Wyoming, Montana Grizzlies Range Expanding, Close to Intermingling

After a long separation, Wyoming’s Greater Yellowstone grizzlies and Montana’s Northern Continental Divide bruin population are on the cusp of joining up and intermingling – something bear advocates say is necessary before grizzlies can be delisted.

Mark Heinz

July 23, 20237 min read

Grizzly bears in the Greater Yellowstone Ecosystem have recovered enough that many Wyoming wildlife officials are pushing to delist them from endangered species status.
Grizzly bears in the Greater Yellowstone Ecosystem have recovered enough that many Wyoming wildlife officials are pushing to delist them from endangered species status. (Getty Images)

For decades, the Wyoming’s Greater Yellowstone grizzlies and Montana’s Glacier park-Northern Continental Divide bruins have been regarded as separate populations.

That could soon change. There’s genetic evidence there’s already been some co-mingling of the populations, a wildlife biologist told Cowboy State Dailly.

“There was a grizzly bear that was removed for cattle depredation in the foothills of the Big Snowy Mountains in Montana in 2021 that ended up having Greater Yellowstone Ecosystem (GYE) ancestry based on genetic analysis,” said U.S. Geological Survey biologist Frank van Manen. 

“What is needed, of course, is a bear traveling the opposite way, from NCDE (Northern Continental Divide Ecostysem) to GYE, and actually reproduce before we would see that in our genetic samples,” added van Manen, who is the supervisory research wildlife biologist for the USGS Interagency Grizzly Bear Study Team.

Grizzlies are expanding their range in all directions, even reclaiming swaths of prairie habitat in north-central Montana. The distance separating the Greater Yellowstone and Glacier/Northern Continental Divide populations has shrunk to just a few dozen miles, van Manen and grizzly bear expert Chuck Neal of Cody told Cowboy State Daily.

In parts of southwestern Montana, the edges of the two grizzly populations could be about 60-75 miles apart, they said.

Population Link Could Be Key To Delisting

Neal, who is a retired federal ecologist, and other grizzly advocates claim that robust genetic exchange between the Montana- and Wyoming-based populations is needed before grizzlies in the Lower 48 states are ready for delisting from Endangered Species Act protection.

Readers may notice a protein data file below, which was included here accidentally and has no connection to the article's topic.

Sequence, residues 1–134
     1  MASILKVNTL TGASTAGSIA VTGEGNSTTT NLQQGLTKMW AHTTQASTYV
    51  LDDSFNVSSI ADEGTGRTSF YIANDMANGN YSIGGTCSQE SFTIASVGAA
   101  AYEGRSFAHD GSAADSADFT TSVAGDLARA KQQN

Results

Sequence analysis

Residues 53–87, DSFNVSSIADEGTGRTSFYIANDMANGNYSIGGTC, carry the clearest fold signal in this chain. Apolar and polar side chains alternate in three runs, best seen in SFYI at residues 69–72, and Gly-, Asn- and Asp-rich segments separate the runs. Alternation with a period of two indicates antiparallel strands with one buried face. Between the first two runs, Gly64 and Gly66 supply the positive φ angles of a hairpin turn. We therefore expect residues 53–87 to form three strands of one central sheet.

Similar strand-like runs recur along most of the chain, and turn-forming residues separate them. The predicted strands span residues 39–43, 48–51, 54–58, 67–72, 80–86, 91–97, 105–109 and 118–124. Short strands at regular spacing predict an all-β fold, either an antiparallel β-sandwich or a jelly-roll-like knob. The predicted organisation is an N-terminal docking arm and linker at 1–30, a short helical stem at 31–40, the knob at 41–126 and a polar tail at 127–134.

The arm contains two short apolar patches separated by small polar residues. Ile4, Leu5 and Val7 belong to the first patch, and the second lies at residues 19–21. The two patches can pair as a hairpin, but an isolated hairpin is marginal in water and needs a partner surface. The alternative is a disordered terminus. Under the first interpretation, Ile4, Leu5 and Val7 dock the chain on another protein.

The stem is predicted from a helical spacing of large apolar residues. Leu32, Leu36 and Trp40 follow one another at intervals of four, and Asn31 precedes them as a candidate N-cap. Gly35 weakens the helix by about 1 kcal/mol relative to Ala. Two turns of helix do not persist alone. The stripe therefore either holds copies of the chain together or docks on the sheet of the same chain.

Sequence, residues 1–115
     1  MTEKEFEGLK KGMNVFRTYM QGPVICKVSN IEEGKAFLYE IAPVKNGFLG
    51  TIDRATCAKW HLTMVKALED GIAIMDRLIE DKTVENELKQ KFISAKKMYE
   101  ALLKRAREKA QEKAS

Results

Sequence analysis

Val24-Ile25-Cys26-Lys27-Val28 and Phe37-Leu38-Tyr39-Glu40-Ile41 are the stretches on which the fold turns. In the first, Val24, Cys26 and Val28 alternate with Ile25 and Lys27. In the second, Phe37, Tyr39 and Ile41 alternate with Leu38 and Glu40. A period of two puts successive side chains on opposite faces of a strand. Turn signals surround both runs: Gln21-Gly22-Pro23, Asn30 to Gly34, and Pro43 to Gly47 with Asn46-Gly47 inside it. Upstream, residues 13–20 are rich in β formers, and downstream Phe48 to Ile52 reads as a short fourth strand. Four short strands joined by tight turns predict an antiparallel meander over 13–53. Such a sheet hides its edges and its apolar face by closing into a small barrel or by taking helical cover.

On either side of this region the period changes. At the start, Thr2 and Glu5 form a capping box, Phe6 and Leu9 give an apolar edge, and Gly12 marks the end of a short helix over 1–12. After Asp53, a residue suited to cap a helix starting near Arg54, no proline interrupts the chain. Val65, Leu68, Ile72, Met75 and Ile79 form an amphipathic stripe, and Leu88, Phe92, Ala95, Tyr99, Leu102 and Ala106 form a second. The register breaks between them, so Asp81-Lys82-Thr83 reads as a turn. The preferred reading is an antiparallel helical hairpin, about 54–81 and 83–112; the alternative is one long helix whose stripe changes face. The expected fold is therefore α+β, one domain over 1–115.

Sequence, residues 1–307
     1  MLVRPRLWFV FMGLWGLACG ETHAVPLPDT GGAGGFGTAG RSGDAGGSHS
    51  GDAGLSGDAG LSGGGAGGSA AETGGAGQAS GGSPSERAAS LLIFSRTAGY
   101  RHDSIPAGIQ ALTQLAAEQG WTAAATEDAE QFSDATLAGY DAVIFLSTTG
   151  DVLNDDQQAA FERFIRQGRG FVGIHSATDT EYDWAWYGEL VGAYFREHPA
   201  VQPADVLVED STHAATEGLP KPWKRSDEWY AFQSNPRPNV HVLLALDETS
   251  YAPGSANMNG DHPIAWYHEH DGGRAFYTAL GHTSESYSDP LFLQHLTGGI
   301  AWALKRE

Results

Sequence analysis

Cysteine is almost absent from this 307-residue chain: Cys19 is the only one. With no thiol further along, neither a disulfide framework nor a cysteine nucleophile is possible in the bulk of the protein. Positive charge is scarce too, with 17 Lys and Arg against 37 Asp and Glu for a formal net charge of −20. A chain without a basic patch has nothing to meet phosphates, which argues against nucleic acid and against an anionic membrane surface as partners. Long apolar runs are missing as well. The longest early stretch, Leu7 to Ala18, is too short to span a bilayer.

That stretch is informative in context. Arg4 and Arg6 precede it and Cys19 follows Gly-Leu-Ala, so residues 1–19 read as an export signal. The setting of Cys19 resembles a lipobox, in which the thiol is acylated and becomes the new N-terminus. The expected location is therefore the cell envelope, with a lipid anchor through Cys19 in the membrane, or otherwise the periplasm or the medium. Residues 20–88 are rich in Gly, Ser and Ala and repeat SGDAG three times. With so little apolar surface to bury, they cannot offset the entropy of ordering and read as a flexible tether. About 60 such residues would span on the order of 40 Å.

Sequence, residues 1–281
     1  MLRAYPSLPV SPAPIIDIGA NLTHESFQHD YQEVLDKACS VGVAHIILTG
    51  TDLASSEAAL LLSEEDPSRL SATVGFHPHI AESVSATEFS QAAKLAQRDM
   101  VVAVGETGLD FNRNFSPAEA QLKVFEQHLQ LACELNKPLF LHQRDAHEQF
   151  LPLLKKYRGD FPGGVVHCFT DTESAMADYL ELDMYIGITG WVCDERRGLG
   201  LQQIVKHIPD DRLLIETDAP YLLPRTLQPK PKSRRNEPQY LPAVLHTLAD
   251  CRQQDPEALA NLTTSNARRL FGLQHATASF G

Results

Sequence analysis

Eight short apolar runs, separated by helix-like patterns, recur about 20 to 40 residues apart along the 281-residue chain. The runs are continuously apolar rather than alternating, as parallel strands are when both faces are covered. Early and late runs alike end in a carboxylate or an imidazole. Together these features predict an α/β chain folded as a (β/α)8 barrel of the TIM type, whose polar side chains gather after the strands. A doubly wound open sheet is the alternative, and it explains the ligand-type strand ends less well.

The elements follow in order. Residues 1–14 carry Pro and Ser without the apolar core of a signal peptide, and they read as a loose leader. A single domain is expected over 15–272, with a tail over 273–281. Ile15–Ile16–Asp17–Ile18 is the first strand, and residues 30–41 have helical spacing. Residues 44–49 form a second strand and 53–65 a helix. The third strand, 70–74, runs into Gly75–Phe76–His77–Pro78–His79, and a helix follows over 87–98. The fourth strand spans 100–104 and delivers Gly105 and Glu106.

“Yes, population connectivity is absolutely essential if there is ever any hope of maintaining self-sustaining GYE bears in the face of the coming environmental stresses over the coming centuries,” Neal said. “As long as the GYE bears live on their isolated island that we call Yellowstone, they will always be threatened and will require Endangered Species Act protection.”

Efforts to delist grizzlies kicked into high gear this year. Gov. Mark Gordon, Wyoming’s U.S. congressional delegation – and their counterparts in Montana – have pushed to have grizzly management handed from the federal government to state wildlife agencies.

Grizzly numbers are ample, delisting advocates claim, with more than 1,000 bears in each of the NCDE and Greater Yellowstone ecosystems.

Are Montana Grizzlies Really Meaner?

Meanwhile, there’s been some pondering over the possible differences between the two grizzly populations. For instance, it’s commonly assumed that grizzlies in and around Glacier National Park and the Bob Marshall wilderness in Montana are meaner and more likely to attack.

That’s not true, Neal said. The dust-ups between humans and grizzlies in northern Montana have to do with the landscape and the number of people on it, not Big Sky bears having a mean streak.

“The Glacier-NCDE bears are not more aggressive than the GYE bears. Remember the very differences in the two ecosystems and that will explain the statistical differences in close encounter with human and bears in the two landscapes,” he said. 

“The Glacier-NCDE has much lusher, denser vegetation — much of it over head-high occurring on steep mountain slopes,” and so people and grizzlies have greater chances of running into each other unexpectedly, Neal said.

Glacier Park and northwestern Montana are also world-renown hiking destinations, meaning there’s more people on trails with dense cover, he added.  

“People come from many countries to hike those beautiful limestone mountains,” Neal said. “As a result there are many opportunities for close encounters between bear and humans where the bears react defensively and attack.”

In Wyoming’s Yellowstone country, it’s easier for humans and grizzlies to avoid each other.